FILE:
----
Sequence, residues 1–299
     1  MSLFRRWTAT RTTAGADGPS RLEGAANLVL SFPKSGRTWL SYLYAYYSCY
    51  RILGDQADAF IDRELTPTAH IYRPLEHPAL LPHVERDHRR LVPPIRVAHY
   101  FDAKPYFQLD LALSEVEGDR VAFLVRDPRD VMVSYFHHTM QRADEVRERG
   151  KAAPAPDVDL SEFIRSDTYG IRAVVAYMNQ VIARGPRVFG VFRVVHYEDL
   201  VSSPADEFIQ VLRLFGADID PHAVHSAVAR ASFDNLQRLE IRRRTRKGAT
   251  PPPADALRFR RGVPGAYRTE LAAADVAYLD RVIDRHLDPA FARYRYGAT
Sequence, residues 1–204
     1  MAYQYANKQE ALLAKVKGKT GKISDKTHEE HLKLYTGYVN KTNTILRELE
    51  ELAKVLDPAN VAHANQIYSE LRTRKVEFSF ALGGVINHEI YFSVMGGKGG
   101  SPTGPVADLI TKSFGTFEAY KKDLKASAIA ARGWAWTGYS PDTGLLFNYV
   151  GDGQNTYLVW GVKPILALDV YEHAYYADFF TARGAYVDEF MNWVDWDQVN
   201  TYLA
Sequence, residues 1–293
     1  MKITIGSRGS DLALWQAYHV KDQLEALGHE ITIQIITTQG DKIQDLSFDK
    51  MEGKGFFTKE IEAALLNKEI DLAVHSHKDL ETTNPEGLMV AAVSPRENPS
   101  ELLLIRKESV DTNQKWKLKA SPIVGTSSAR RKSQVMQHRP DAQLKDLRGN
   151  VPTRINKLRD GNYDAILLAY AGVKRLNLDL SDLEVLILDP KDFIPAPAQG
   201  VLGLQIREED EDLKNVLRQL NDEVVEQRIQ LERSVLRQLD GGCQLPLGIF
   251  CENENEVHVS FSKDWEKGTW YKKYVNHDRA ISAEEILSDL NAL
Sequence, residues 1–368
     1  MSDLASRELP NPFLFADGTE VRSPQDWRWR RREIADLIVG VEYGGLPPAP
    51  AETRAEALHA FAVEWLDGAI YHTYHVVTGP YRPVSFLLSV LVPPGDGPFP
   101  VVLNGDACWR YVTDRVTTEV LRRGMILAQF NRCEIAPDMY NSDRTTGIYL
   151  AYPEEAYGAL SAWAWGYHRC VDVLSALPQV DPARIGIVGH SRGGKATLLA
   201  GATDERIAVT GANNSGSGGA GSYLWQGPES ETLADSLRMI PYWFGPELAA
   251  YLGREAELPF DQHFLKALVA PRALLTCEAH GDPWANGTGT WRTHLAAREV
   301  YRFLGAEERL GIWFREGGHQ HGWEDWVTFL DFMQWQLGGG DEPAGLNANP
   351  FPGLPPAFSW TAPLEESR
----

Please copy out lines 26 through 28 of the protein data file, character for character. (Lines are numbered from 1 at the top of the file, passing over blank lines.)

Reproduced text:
   201  GATDERIAVT GANNSGSGGA GSYLWQGPES ETLADSLRMI PYWFGPELAA
   251  YLGREAELPF DQHFLKALVA PRALLTCEAH GDPWANGTGT WRTHLAAREV
   301  YRFLGAEERL GIWFREGGHQ HGWEDWVTFL DFMQWQLGGG DEPAGLNANP